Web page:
The Punjab and Haryana High Court held that criminal liability upon the Directors of the Company cannot be imposed merely because of the positions they hold in the Company by applying the principle of vicarious liability.

The Court explained that the doctrine of vicarious liability is a civil concept and its applicability in criminal cases was an exception rather than the rule.

A Single Bench of Justice Harpreet Singh Brar observed, “A Company and its Directors are not immune from criminal prosecution but it has to be established that the said offence has been committed with their consent or in connivance with them. These persons cannot be arrayed as accused in the absence of their active participation and attribution of a specific role played in commission of the alleged offence with criminal intent.

Sr. Advocates R.S. Cheema and Mukul Rohatgi represented the petitioner, while AAG Vikas Bharadwaj appeared for the respondents.

A family had met with an accident that led to the death of their 3-year-old child after they fell on the road due to a pothole and a four-wheeler drove over the child in a rash and negligent manner. Initial investigations led to a cancellation report due to failure to trace the offending vehicle or driver.

An SIT constituted by the High Court determined that there were pits on the road which resulted in the death of the minor child.

Consequently, the Directors of M/s Larsen and Toubro (L&T) were arraigned as accused for their involvement in the accident that occurred due to potholes and the poor conditions of a road and were subsequently summoned by the trial court.

The family argued that since L&T was an artificial legal entity which works through its Directors, the Directors were vicariously liable for the culpable negligence of the Company.

Now the court had to determine whether the Directors of L&T could be held vicariously liable for the offence under Section 304-A of the IPC.

The Court explained that the legal framework for imputing vicarious liability on corporate entities had been categorically provided for in a variety of legislations such as the Income Tax Act, 1961, the Negotiable Instruments Act, 1881, Essential Commodities Act, 1955 etc.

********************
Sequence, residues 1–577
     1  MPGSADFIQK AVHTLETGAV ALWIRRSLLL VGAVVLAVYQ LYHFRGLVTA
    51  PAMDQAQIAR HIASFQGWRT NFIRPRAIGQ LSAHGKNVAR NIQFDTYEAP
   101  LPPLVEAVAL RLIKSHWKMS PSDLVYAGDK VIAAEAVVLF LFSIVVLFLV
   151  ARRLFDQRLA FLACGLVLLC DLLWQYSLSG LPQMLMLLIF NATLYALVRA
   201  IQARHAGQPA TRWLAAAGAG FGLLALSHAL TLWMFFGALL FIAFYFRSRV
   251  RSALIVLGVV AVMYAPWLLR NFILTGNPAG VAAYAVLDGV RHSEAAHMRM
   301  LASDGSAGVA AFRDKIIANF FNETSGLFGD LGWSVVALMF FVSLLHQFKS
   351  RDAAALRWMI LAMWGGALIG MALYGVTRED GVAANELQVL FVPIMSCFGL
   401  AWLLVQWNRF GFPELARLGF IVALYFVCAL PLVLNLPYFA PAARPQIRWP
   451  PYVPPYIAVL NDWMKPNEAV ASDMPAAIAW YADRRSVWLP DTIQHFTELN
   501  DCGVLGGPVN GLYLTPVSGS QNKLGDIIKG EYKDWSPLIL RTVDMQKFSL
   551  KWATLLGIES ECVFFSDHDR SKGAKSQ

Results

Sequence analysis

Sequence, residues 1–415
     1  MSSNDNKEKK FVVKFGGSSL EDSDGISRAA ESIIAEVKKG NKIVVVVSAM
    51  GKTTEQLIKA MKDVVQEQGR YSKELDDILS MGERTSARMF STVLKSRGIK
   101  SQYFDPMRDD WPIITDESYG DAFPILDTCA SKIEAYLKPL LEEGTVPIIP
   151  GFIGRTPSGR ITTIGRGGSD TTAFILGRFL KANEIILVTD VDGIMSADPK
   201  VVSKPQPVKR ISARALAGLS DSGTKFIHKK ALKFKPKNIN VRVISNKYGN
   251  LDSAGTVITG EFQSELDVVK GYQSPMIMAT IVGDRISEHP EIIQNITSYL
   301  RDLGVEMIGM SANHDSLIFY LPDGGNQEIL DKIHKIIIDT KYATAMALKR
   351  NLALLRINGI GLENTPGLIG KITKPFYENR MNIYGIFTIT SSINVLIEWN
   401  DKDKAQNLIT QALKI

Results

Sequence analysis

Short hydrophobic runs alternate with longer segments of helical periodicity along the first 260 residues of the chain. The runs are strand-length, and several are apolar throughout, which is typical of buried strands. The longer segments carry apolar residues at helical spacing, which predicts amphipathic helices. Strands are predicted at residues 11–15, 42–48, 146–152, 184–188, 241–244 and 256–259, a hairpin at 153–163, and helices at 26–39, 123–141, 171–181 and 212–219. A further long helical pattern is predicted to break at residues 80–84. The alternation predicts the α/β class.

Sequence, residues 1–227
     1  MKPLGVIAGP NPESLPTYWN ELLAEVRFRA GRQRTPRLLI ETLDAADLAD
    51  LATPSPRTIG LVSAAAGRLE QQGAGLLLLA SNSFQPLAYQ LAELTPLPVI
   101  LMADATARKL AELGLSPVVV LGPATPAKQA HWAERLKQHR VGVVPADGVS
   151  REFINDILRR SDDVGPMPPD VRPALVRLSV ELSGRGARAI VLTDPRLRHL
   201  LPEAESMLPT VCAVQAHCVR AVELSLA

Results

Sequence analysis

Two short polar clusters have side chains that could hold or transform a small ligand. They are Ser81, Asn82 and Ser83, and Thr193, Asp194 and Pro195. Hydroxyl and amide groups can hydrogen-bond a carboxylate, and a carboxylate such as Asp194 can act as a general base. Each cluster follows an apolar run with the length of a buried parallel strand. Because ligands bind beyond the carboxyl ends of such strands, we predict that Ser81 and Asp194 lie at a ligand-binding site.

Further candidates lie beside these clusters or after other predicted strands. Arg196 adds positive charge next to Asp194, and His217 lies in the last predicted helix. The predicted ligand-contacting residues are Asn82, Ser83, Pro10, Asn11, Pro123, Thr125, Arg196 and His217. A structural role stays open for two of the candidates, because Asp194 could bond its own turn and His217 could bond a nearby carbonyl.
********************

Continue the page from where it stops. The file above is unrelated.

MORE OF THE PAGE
The Court delved into the following legal principles and explained:

No automatic vicarious liability in criminal offences: It is the fundamental principle of criminal jurisprudence that there is no vicarious liability unless the statute specifically provides for it, which is conspicuously lacking in the IPC. Thus, the Directors or Management officials cannot be held vicariously liable for an offence since mens rea can be attributed to them, unless deeming statutory provisions for the same are provided in the relevant statute.

Doctrine of Alter Ego: If a group of persons responsible for the conduct of business of the company has a criminal intent, the same can be imputed to the body corporate and not vice versa. Therefore, such person, who had committed the offence on behalf of the Company can be made an accused along with the Company only if there is specific attribution of his active participation with culpable intent.

Therefore, the Court held that the Directors could not be implicated in the absence of any specific allegations indicating their specific role in the commission of the crime. Further, there was no provision in the IPC for fastening the vicarious liability upon the Directors of the Company for offences listed in it.

“For summoning the Directors of a Company for commission of an offence under the IPC, the conventional rule of existence of mens rea is to be followed. Actus non facit reum nisi mens sit rea- an act does not make the defendant guilty unless it is done with a guilty intent,” the Court remarked while quashing the criminal proceedings against the Directors.

Accordingly, the High Court allowed the petitions.

Cause Title: S. Rajgopal v. State of Haryana & Ors. (Neutral Citation: 2024:PHHC:044030)


Petitioner: Senior Advocate R.S. Cheema and Mukul Rohatgi; Advocates Subhash Gulati, Alankar Narula, Arshdeep Cheema, Satish Sharma, Rajni Narula, Prateek Gupta, Keshav Sehgal, Alankar Narula and Subhash Gulati

Respondents: AAG Vikas Bharadwaj; Advocates Denson Joseph and Karambir Kamal

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